A Framework for Information Processing in the Diagnosis of Sleep Apnea

A Framework for Information Processing in the Diagnosis of Sleep Apnea

Udantha R. Abeyratne (The University of Queensland, Australia)
DOI: 10.4018/978-1-60960-561-2.ch203

Abstract

Obstructive sleep apnea (OSA) is one of the most common sleep disorders. It is characterized by repetitive obstruction of the upper airways during sleep. The frequency of such events can range up to hundreds of events per sleep-hour. Full closure of the airways is termed apnea, and a partial closure is known as hypopnea. The number of apnea/hypopnea events per hour is known as the AHI-index, and is used by clinical community as a measure of the severity of OSA. OSA, when untreated, presents as a major public health concern throughout the world. OSA patients use health facilities at twice the average rate (Delaive, Roos, Manfreda, & Kryger, 1998), causing huge pressures on national healthcare systems. OSA is associated with serious complications such as cardiovascular disease, stroke, (Barber & Quan, 2002; Kryger, 2000,), and sexual impotence. It also causes cognitive deficiencies, low IQ in children, fatigue, and accidents. Australian Sleep Association reported (ASA, 1999) that in the state of New South Wales alone 11,000–43,000 traffic accidents per year were attributable to untreated-OSA.
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Background

Definition of Sleep Apnea and Hypopnea

Sleep apnea refers to a cessation of breathing at night, usually temporary in nature. The American Academy of Sleep Medicine Task Force formally defines apnea as:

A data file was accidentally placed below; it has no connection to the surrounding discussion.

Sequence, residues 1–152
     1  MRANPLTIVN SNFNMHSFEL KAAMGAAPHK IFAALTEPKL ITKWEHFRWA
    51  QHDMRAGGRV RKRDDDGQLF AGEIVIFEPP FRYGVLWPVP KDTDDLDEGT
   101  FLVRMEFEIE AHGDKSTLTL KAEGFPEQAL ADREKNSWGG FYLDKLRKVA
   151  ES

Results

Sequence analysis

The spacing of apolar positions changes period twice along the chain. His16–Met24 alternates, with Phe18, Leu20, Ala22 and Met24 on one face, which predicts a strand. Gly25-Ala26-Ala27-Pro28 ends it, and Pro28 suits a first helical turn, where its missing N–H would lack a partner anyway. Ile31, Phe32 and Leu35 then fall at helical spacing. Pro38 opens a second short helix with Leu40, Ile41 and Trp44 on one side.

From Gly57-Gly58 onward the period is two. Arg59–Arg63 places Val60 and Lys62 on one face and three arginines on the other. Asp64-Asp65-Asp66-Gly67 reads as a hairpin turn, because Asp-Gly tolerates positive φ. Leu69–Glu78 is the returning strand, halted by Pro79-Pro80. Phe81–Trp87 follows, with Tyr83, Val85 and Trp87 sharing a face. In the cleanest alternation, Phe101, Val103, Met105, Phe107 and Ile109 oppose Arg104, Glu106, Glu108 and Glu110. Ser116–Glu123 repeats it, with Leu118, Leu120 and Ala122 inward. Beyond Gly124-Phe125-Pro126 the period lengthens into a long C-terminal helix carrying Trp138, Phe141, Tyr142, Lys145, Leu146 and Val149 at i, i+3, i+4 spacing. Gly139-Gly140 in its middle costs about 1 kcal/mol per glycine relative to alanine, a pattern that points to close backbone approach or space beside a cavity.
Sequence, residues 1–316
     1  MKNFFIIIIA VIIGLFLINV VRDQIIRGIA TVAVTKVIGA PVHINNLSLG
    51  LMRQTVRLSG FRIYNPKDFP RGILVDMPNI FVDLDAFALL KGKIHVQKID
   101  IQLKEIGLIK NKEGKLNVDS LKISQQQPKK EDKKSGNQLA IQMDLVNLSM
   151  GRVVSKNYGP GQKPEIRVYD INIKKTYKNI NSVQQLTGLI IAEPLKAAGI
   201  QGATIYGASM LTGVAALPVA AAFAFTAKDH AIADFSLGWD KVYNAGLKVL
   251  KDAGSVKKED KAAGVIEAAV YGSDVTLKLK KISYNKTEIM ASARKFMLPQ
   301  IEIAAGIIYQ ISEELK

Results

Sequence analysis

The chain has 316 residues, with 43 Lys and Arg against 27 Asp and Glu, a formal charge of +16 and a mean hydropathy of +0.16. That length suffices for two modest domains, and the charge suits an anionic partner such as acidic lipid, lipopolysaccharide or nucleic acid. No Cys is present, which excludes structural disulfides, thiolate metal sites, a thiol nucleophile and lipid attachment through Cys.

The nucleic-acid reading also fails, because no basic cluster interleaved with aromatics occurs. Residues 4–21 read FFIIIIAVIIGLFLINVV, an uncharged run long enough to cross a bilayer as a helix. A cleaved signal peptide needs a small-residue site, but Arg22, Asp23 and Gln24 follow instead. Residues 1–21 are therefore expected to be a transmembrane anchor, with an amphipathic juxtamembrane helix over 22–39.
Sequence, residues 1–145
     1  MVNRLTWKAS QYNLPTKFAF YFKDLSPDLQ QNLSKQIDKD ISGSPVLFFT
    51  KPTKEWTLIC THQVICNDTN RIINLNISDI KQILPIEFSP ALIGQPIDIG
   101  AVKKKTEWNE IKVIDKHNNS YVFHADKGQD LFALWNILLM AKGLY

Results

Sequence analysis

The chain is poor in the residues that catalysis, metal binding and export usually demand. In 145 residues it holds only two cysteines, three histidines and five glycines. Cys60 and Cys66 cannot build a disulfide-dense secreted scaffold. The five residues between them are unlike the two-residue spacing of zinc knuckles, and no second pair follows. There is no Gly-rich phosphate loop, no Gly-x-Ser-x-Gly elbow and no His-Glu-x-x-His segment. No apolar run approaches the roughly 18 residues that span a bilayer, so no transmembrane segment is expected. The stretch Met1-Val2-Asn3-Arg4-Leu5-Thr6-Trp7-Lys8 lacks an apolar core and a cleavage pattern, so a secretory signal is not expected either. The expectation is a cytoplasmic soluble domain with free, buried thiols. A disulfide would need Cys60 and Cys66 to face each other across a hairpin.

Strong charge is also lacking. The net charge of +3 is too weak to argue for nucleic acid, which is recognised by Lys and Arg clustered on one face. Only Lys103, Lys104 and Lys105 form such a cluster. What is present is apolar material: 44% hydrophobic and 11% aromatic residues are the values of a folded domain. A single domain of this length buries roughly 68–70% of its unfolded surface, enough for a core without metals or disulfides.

• a.

    Cessation of airflow for a duration ≥10s, or

  • b.

    Cessation of airflow for a duration < 10s (for at least one respiratory cycle) with an accompanying drop in blood oxygen saturation by at least 3%.

Hypopnea is defined as a clear decrease (≥50%) in amplitude from base line of a valid measure of breathing (eg., airflow, air pressure) during sleep for a duration ≥10s, plus either:

  • a.

    An oxygen desaturation of ≥3%, or

  • b.

    An EEG-arousal (EEGA) (Flemons & Buysse, 1999).

The average number of obstructive sleep apnea and hypopnea events per hour of sleep, as computed over the total sleep period, is defined as the Apnea Hypopnea Index (AHI).

The Current Standards in Apnea/Hypopnea Diagnosis

The current standard of diagnosis of OSA is Polysomnography (PSG). Routine PSG requires that the patients sleep for a night in a hospital Sleep Laboratory, under video observation. In a typical PSG session, signals/parameters such as ECG, EEG, EMG, EOG, nasal/oral airflow, respiratory effort, body positions, body movements, and the blood oxygen saturation are carefully monitored. Altogether, a PSG test involves over 15 channels of measurements requiring physical contact with the patient.

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